Tongan interpreters and translators
CIT offers Tongan interpreters and translators with legal, medical and specialty experience, including criminal and civil matters, employee meetings, engineering, patent cases, labor disputes, immigration and more.
Although based in Los Angeles, CIT offers comprehensive Tonga language services including interpretation, translation and transcription, 24 hours a day, 7 days a week, worldwide. Our interpreters and translators are native speakers who have been screened, certified, have provided credentials, field tested, and kept up to date with developments in both English and the Tongan language through means such as lectures, conferences, and travel.
CIT’s Tongan language interpreters and translators possess in depth knowledge of the Tonga language, as well as of the culture and history of the Tongan people, allowing them to provide informed and complete interpretation and translation.
The Tongan Language
The Tonga language, spoken by about 95,000 people, is a Polynesian language part of the Austonesian languages. The Tongan language is spoken mainly in Tonga. However, there are other countries that have Tongan speakers such as American Samoa, Australia, Fiji, New Zealand, Vanuatu, Canada and the US. The Tongan language is quite similar to Niue, Wallisian and Simoan. Tonga is located in the southwest of the Pacific Ocean. There are three main groups that the 170 Tongan Islands are divided into. They are Tongatapu (south), Ha’apai (center) and Vava’u (north).
The first recordings of the Tongan language were in the early 1800s, a job done by missionaries. Modern day written Tongan was originally broadcasted in 1943 by the Privy Council of Tonga.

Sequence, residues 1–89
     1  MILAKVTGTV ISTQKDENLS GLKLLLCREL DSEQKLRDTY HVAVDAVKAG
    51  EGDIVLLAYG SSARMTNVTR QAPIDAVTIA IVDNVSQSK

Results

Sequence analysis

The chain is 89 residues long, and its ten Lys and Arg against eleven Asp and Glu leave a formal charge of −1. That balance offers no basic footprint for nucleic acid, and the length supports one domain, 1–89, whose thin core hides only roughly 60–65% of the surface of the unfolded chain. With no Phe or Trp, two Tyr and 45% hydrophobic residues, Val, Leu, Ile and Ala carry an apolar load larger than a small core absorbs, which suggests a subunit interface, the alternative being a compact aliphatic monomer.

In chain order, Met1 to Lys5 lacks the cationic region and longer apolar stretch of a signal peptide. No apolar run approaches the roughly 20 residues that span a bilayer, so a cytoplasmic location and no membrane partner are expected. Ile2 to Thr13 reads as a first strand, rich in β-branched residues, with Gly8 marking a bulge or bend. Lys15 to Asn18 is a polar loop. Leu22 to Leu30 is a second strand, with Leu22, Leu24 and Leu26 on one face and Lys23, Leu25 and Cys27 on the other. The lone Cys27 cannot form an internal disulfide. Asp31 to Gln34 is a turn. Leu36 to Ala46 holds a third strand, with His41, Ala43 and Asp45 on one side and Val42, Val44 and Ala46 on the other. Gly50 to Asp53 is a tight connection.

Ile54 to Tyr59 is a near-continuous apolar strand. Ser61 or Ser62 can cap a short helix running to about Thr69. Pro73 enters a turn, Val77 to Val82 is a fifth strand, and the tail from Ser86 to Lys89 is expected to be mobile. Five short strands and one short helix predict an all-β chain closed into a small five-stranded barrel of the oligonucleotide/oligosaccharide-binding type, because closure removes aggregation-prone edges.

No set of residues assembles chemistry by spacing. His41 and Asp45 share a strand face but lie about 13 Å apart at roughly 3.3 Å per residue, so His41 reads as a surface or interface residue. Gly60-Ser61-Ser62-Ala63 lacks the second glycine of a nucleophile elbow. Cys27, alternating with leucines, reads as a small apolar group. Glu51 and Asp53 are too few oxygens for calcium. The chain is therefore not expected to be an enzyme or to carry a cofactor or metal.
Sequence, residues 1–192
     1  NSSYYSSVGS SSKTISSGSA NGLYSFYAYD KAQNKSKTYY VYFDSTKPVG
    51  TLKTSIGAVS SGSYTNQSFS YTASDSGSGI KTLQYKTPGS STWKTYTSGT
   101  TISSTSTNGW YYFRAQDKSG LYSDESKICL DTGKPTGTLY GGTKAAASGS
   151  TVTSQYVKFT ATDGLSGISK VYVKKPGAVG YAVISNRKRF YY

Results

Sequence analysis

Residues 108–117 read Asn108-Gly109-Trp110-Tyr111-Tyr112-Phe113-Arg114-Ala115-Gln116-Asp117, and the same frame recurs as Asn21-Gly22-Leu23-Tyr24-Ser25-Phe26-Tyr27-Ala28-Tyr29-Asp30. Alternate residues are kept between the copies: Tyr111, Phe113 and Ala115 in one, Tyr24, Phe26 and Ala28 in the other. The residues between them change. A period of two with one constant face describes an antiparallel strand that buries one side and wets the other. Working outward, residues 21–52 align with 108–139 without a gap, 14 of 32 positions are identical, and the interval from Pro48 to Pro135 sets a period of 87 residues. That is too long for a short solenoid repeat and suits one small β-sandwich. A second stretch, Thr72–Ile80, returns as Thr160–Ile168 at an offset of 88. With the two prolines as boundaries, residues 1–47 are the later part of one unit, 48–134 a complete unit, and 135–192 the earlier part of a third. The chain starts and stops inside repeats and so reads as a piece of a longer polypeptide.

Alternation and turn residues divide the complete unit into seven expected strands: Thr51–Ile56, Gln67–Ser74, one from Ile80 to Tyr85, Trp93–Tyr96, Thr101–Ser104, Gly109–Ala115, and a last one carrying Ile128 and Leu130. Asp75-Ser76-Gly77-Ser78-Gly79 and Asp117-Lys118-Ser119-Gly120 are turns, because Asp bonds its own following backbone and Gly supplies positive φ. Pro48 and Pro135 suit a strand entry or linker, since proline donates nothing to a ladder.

Tonga is made up of two sections, or chains, or islands. The capital of Nuku’alofa is located on the Tongatapu Island. The islands on the west are known as high islands whereas the islands on the east are referred to as low islands. The high islands are referred to this name because they are much higher than sea level due to volcanoes. There are four islands that currently have active volcanoes. The largest island is Tongatapu Island. It is also the most densely populated Tongan island. Due to natural erosion, particularly in Vava’u, the result is a lot of caves, sheer cliffs and sandspits. The weather in Tonga is semitropical. Because the northern islands are closer to the equator, they are more susceptible to experiencing typhoons.
There are several birds that are popular in Tonga, including rails, kingfishers, doves and starlings, among many others. Additionally, some of the most beautiful birds in the world, such as the red-breasted musk parrot live on Tongan islands.
As Tonga is a Polynesian country, almost all those living on the islands have Polynesian ancestry. However, it is becoming increasingly common that Tongans are marrying Europeans since the 1970s. The Tongans take religion very seriously. The most common religion is Christianity, although some are also part of the Methodist, Catholic and Mormon churches. Some belong to a small group of Protestants as well. Tongan is taught in schools and is an official language along with English.
The primary staple of the Tongan economy is agriculture. The most popular crops are coconuts, vanilla bean, bananas and squash. Other imported crops are corn, breadfruit, pineapple, watermelons, limes and tomatoes. Along with agriculture, Tonga is known for livestock, fishing and timber. Tonga imports products from New Zealand, Singapore, the US and Fiji and exports to New Zealand, Japan, Australia and the US.